On the surface, the answer to the above question seems very straight-forward. In response to His mighty works, we would hail Him as our Great God, praise and glorify Him, and express our desire to experience Him more!

But let us delve deeper. I invite you to read Matthew 8:28-34, and hear what Jesus reveals to us about our own responses to the works and deeds of the Lord.

The Lord performed a great miracle. He delivered two demon-possessed men who in their distressing condition had become a great risk and nuisance to the whole town. With just one word Jesus cast out the demons and sent them into a large herd of pigs feeding nearby, which resulted in the pigs rushing down into the lake and drowning. Scripture goes on to say that the men who were tending the pigs ran off into the town to report the fate of pigs and the two delivered men. It says,

“Then the whole town went out to meet Jesus.”

(Matthew 8:34)

At first this reaction seems unsurprising, natural even. Following the awesome deliverance Jesus had performed, the whole town rushed out to meet the miracle-worker as one would expect.


However, the sentence that follows takes an unexpected turn: “..when they saw Him, they pleaded with Him to leave..”. They did not celebrate Him, thank Him, glorify Him nor praise Him as we might expect them to have, but instead they wanted Him gone. But why? Wouldn’t they have wanted The Lord to remain with them and heal all their sick, give sight to the blind, make the lame walk and cleanse the lepers in the whole region?


Why did they want Jesus to leave their region? It is possible that the people were so absorbed in what they had lost materially, that they were blind to the glory of God, and all that they had received from His mighty miracle. The deliverance brought peace and freedom, to the two men and to the whole town, but they heard about the material loss incurred when the herd of pigs drowned in the lake, and this took precedence in their eyes. The loss of income from pigs seemed greater than the peace and joy that was brought to human lives. Jesus on the other hand, was unperturbed by the financial loss that was caused. But the people were consumed by fear to be able to embrace the glory they had witnessed- a fear of losing what they possessed, a fear of losing the stability of wealth.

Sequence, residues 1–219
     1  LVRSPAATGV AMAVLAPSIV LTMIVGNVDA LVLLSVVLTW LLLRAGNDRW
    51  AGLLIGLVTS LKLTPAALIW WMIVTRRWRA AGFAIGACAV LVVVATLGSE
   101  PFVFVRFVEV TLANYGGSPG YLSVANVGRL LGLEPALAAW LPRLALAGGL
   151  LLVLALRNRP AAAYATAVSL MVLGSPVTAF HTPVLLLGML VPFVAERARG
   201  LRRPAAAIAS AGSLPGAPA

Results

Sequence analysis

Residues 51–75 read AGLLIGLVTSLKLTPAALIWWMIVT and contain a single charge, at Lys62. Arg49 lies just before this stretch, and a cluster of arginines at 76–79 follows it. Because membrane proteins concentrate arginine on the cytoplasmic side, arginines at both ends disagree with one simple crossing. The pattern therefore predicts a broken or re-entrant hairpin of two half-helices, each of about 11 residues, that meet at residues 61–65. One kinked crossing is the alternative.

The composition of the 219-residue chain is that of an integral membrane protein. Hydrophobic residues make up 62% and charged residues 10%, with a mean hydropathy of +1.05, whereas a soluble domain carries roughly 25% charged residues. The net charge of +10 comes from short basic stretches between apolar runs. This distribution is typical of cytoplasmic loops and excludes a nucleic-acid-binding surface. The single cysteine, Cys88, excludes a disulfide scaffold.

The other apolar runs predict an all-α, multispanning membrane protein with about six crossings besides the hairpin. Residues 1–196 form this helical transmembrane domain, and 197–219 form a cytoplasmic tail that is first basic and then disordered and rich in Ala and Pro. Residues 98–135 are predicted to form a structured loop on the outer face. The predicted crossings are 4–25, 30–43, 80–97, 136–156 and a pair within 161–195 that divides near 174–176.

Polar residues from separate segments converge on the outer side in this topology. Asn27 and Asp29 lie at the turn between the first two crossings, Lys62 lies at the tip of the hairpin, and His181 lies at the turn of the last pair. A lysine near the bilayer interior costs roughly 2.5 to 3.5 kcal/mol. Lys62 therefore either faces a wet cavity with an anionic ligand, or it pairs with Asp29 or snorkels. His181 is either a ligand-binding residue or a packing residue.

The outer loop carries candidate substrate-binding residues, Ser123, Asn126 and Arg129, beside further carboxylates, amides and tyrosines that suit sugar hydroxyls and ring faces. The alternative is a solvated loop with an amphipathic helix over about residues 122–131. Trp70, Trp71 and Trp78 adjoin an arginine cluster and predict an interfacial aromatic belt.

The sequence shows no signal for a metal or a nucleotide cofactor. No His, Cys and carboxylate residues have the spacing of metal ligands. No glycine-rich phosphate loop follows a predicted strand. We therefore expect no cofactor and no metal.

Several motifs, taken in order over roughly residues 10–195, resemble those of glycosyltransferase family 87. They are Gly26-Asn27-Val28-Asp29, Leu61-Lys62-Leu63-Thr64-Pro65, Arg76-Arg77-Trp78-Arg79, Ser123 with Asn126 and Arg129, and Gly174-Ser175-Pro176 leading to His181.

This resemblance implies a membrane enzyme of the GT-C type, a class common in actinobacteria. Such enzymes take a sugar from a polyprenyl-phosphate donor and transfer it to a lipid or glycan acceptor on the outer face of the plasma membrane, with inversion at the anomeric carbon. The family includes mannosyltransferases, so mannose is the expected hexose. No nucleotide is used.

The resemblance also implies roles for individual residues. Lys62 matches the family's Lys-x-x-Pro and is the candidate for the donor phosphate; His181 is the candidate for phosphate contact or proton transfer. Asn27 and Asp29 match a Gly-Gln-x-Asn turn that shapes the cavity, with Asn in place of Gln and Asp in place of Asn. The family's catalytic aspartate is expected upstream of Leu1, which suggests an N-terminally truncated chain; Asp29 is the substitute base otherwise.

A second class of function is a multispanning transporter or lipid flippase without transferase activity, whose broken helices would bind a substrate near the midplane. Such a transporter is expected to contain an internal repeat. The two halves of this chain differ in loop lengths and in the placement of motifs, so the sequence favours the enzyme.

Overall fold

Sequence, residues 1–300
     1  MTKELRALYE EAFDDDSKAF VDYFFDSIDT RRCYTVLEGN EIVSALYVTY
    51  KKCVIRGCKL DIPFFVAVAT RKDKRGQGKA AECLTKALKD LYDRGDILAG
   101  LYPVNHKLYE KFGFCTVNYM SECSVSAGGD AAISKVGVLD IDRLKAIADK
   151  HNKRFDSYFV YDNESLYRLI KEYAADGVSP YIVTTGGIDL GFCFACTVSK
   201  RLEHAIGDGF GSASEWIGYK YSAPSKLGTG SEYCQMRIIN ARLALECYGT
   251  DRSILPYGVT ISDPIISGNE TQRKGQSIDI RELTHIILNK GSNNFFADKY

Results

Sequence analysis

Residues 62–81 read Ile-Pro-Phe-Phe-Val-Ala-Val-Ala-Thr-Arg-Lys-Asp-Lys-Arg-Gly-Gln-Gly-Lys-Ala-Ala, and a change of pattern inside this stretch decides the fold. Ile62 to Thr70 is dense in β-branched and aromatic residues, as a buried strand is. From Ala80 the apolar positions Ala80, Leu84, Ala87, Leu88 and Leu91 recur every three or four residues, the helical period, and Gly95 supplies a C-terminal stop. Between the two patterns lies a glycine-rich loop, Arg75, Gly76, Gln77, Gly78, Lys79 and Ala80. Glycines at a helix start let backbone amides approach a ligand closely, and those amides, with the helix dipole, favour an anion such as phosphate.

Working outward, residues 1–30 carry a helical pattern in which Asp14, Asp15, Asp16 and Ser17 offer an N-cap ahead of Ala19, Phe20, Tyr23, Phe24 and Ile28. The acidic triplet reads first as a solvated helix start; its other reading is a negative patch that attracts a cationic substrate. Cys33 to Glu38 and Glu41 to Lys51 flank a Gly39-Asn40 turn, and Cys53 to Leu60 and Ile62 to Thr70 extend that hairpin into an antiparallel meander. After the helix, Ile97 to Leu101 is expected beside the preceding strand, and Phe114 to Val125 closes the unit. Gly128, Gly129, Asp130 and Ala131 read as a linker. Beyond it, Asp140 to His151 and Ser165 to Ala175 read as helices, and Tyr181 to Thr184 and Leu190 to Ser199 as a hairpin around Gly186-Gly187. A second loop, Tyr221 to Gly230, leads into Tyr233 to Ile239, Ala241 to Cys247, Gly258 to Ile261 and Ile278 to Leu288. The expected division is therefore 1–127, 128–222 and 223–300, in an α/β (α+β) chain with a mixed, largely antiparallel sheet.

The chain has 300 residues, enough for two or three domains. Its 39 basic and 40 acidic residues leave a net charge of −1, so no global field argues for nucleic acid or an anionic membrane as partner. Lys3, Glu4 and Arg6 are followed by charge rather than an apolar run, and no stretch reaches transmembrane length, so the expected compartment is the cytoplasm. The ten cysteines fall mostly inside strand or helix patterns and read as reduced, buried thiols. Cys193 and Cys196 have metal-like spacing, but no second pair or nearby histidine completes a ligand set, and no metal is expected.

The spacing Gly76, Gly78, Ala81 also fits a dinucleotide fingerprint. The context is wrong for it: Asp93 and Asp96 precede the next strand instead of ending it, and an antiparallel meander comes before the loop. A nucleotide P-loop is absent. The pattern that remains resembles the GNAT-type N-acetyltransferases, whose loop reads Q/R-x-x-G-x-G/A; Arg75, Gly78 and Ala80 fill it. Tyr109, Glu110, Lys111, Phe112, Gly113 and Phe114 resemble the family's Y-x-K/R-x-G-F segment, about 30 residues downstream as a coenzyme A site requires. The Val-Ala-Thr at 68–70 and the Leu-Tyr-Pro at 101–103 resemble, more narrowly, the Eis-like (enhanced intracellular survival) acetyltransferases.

Looking at our own lives, are we any different to these people? The sad truth is, no we are not. For, often we too respond in the same way. Why is it that we prefer to run our own lives, the way we want, as long as we can, and only run to God when the going gets tough? The simple answer is that we too might be afraid that if we invite The Lord to be involved in our lives, He may ask for things that we don’t want to let go. We fear that He might ask for our time and resources, and even the authority over our relationships, passions, careers, finances etc. The very same gifts we receive from The Lord might easily become the reasons we ask Him to leave us, because of the fear of being asked to give up what we hold dear to our hearts.


The people of the town did not realise that they were rejecting The One who could give them much more than mere pigs, mere wealth and any worldly prize. Do we also ask The Lord to steer clear of our lives without realising that a life without Him at its centre could easily turn our greatest blessings and treasures into curses and burdens to us?


In light of this reality, let us ask the Holy Spirit to renew our minds to accept this truth and repent, and to make us bold enough to give our unconditional ‘yeses’ to Jesus, our Lord, to embrace Him in greater measures instead of pushing Him away in all His glory and power. Let us allow the Holy Spirit to forge a new reaction to the actions of God in our lives – a reaction of complete awe and exaltation, one that is worthy of His greatness.

By Dr. Sunimalee Fernando